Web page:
by Promod Sharma, President 2011-2012
Building rapport with your audience is essential, but how? One common way is to thank the introducer and make irrelevant comments. Telling a joke falls into this category. Common doesn't mean optimal.
The Big Stage
There's another way: Get into your talk. At big events, you may notice the speaker enters from the side of the stage away from the introducer. While the audience claps, the speaker gets into position. After a pause, the speaker starts. This gives the speaker maximum impact and control.
Contrast that with thanking everyone and giving a preamble about what you're going to talk about or other miscellaneous thoughts. You're building rapport but you're not building anticipation.
Concerts start with the music. There's time for the "How are you all doin'? It's great to be back in (fill in the blank)." later in the performance.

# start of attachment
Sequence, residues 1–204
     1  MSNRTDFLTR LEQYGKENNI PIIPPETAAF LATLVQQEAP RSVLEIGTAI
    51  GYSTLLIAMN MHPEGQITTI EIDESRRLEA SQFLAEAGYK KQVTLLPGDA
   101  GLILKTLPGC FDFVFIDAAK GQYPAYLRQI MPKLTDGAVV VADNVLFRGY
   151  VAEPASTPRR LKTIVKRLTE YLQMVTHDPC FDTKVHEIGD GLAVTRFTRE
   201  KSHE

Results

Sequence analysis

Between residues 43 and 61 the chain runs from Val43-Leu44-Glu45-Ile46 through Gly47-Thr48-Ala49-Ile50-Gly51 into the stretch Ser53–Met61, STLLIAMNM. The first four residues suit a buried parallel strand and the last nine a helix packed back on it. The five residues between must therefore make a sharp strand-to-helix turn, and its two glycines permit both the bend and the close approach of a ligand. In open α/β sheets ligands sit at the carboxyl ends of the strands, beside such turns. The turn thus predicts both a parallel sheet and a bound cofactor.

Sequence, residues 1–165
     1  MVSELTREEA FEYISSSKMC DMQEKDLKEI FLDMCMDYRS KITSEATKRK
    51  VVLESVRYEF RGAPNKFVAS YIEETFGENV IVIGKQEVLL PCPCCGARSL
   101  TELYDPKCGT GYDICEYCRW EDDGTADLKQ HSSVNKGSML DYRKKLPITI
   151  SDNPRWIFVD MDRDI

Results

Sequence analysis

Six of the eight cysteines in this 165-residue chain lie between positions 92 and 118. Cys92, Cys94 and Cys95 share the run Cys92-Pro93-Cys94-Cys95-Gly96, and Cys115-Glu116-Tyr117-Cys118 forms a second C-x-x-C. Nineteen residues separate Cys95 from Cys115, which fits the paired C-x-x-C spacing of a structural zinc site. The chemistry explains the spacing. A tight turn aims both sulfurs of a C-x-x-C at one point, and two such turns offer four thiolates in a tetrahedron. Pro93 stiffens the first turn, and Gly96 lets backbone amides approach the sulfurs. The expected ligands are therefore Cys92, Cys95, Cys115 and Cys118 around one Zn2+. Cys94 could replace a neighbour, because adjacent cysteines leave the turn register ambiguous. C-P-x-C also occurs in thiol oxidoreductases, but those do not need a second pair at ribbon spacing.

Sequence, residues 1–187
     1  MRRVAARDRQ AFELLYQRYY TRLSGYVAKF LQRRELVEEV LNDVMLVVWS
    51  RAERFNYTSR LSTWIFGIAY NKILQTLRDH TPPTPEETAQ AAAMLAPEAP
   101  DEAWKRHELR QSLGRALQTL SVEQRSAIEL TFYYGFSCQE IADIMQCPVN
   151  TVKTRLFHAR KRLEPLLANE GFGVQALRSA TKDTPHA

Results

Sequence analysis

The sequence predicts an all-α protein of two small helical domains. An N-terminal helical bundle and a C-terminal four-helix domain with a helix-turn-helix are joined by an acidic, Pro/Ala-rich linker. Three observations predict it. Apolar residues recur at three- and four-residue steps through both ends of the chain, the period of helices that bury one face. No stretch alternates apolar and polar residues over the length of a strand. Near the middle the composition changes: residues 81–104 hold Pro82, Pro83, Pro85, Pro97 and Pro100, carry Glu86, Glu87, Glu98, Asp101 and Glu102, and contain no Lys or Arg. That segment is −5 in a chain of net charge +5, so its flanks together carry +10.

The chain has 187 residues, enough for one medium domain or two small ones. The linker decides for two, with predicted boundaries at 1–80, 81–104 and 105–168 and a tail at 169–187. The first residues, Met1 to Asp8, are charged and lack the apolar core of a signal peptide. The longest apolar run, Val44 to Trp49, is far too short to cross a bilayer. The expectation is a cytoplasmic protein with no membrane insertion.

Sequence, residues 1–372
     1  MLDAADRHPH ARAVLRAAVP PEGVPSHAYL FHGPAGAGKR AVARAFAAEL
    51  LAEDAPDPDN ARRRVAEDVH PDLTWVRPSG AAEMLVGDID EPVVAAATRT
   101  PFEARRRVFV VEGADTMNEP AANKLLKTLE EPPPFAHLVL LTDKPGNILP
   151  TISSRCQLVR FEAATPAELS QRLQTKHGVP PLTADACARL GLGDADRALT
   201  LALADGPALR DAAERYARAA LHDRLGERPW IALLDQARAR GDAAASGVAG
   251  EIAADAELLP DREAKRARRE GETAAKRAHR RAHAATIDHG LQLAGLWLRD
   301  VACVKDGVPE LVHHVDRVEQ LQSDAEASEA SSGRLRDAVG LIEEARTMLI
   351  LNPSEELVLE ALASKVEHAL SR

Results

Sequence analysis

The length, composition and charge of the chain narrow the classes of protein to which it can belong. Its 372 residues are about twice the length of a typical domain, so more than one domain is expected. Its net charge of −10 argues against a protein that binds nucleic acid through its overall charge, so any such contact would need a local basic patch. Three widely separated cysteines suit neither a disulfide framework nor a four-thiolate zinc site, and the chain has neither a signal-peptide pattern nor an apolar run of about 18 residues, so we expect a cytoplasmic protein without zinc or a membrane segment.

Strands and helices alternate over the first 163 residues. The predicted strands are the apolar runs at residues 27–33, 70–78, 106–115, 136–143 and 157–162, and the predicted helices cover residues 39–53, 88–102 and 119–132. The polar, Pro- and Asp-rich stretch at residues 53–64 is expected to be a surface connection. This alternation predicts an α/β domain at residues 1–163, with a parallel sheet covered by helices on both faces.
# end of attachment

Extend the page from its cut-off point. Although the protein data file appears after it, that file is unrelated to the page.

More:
Movies and stories don't start with a roadmap. They grab you at the start and draw you in. Your speech can too.
Your audience may be interested in the backstory to your speech. Where did you get the idea? How did you go about preparing? What mishaps did you encounter? What did you take out? What else do you want the audience to know?
In a movie, there’s the Director's Commentary. In a book, there are footnotes. For a speech, there's a blog.
A blog gives you unlimited space to augment what you did on stage. You can post a video recording and add your commentary. I've done this. For example, here is a behind-the-scenes look and a backstory. What do you think?
When you remove the preamble, you maximize the impact of your performance and enhance your digital tapestry. For some, your backstory may prove to be more interesting and lasting than your actual speech.
Promod ("pro-MODE") Sharma blogs about marketing and risk.